It's official -- Aug. 9 marks the date the name change for Delta-Montrose Technical College takes effect. The college will now be known as the Technical College of the Rockies.
The name change was approved during the most recent legislative session and became official when Governor John Hickenlooper signed the bill into law during a stop in Delta May 20.
In addition to a new name, the tech college also has a new director. Former director John Jones retired at the end of the school year and has been replaced by Michael Klouser, who comes to Delta from Pickens Technical College in Denver.
Klouser began his professional career in real estate development on the Front Range. With a degree in electrical engineering, he switched to teaching electronics and math at both the secondary and postsecondary levels. He initially joined Pickens in 2002. There, his role transitioned into administration and for three years, he served as assistant director. When he began looking for other opportunities in administration, his search took him across the Midwest, the southern U.S. and eventually to Delta County. "My wife Kimberly and I fell in love with the community and with the people," he said.
Although he did not begin his new role until July 1, he spent several months prior to his official start date getting to know the communities and the students served by the tech college. As he's listened to the needs of the community, he's developed a vision for the future and is working with the staff to energize career and technical education programs across TCR's service area.
"Everybody wants this school to be the best it can," he said of the support he's seen from the school district, the community and staff.
Assistant director Tony Bowling furnishes the institutional knowledge Klouser is lacking, and Angela Valentine continues her role as student services coordinator.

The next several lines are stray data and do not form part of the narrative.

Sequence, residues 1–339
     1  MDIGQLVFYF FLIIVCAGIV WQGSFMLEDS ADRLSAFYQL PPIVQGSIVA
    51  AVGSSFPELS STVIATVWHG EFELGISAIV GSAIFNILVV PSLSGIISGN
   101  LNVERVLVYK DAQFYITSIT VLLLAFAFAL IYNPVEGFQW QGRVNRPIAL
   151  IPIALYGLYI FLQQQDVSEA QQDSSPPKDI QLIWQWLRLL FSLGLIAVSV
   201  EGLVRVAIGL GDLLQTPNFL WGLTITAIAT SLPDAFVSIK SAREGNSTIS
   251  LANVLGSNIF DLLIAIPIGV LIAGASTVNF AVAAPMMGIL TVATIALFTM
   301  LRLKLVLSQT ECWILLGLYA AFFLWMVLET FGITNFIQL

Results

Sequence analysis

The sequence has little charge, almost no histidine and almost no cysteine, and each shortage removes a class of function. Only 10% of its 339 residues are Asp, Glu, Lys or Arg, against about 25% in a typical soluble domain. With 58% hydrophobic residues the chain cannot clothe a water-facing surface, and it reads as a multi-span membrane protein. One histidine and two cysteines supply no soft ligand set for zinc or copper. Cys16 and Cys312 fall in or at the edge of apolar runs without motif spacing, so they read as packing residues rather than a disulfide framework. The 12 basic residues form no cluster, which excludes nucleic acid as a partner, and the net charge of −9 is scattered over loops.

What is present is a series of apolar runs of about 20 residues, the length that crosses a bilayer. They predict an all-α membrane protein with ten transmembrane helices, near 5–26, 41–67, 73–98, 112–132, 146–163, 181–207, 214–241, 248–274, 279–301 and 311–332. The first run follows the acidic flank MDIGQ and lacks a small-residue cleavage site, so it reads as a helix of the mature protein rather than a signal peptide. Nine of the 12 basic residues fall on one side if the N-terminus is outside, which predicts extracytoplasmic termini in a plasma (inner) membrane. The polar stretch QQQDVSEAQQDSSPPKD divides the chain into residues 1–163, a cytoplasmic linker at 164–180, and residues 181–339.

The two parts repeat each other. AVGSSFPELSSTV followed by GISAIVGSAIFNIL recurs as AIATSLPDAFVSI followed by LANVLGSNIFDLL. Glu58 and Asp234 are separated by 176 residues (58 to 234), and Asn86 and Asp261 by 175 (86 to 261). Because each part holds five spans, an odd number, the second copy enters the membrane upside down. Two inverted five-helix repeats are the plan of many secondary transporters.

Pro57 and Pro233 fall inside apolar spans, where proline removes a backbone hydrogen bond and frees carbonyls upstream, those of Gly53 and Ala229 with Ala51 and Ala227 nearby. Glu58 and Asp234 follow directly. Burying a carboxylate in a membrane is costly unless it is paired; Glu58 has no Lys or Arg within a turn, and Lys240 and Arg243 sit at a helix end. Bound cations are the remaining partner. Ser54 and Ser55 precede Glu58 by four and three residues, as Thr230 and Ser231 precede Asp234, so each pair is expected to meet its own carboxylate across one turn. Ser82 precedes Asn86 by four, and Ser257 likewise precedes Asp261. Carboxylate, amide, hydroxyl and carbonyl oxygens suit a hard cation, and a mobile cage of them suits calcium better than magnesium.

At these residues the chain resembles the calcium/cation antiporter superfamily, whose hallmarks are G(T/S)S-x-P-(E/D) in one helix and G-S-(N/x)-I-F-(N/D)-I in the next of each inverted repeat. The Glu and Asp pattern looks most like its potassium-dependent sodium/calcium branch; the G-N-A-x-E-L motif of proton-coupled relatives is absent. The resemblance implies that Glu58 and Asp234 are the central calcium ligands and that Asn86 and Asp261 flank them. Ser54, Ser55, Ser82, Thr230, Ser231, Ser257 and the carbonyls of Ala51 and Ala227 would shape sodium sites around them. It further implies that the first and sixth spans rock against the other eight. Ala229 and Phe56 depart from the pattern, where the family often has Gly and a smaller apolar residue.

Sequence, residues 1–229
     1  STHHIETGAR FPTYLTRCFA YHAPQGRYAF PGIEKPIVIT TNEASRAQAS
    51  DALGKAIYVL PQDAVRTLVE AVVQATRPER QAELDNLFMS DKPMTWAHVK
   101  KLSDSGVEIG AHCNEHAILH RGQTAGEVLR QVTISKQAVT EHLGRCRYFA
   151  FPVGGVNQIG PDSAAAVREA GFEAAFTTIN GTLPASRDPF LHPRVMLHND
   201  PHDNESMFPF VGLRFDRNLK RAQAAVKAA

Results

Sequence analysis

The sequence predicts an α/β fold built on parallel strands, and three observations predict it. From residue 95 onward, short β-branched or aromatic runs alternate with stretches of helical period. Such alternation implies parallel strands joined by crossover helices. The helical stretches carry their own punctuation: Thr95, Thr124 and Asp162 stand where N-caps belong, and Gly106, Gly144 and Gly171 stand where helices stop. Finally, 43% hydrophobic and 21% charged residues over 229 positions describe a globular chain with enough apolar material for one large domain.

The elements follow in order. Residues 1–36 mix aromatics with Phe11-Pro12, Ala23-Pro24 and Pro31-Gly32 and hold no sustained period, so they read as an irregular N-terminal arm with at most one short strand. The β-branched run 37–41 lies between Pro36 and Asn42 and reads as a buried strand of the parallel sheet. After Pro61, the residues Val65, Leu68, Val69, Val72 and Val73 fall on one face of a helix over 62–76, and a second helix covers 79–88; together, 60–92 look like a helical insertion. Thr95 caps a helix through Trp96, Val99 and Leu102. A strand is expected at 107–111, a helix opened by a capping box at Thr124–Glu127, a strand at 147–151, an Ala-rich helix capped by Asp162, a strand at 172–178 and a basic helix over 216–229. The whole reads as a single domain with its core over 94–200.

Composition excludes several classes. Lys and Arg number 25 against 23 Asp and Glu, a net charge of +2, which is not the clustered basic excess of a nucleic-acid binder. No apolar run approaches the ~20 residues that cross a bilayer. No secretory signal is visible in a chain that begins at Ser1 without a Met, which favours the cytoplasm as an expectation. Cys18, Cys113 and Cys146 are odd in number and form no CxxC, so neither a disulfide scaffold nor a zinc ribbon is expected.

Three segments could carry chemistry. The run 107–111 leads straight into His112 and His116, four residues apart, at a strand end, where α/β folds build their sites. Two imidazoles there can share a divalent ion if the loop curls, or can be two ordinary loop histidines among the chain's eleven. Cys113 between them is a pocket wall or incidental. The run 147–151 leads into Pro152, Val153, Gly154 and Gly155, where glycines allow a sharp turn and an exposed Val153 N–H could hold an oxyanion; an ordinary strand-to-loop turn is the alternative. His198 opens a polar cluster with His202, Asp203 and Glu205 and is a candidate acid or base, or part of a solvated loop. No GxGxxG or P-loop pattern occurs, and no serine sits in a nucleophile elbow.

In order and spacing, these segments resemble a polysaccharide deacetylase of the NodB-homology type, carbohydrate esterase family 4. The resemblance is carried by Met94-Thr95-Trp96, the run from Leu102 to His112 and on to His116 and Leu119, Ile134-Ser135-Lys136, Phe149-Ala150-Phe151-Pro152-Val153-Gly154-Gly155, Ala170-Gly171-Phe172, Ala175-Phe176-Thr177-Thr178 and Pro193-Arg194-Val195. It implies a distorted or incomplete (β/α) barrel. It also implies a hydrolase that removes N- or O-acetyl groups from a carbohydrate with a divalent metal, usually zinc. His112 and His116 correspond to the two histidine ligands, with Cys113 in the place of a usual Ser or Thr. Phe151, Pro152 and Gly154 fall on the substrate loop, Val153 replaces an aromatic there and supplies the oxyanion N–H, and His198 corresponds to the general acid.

Together they have reached out to Telluride to support early childhood education and possibly hospitality. They're working to solidify relationships with Gunnison School District for cosmetology and computer aided drafting. They are instituting courses at the new PIC Place in Montrose. A course in clinical medical assistance will be started this fall, and the classroom may also be used for CNA and dental assisting programs.
In addition, Klouser said the tech college is collaborating with Western Colorado Community College to create a pipeline for TRC students to continue their educations and obtain associate applied science degrees.
For existing programs that have been compartmentalized, Klouser sees opportunities to integrate coursework. The business department is moving from office-type programs to entrepreneurship, and Klouser is exploring the possibility of incorporating business and technology into high school ag programs. The ENGAGE center, to be located in the old Chaco building in downtown Delta, will provide additional opportunities to integrate all types of industries in a nurturing environment.
The biggest challenge, Klouser said, is making career and technical education accessible across TRC's extensive service area -- Delta, Gunnison, Hinsdale, Montrose, Ouray -- while ensuring programs are affordable. There is a demand for skilled workers, and TRC is committed to providing the tools current and future employees need to succeed.
On Tuesday, Sept. 11, the Delta County Board of Commissioners called a special meeting to consider the board's response to the Bureau of Land Management's preliminary Environmental Assessment (EA) concerning the lease parcels proposed for the December BLM sale.
Several people from the North Fork were present to provide input.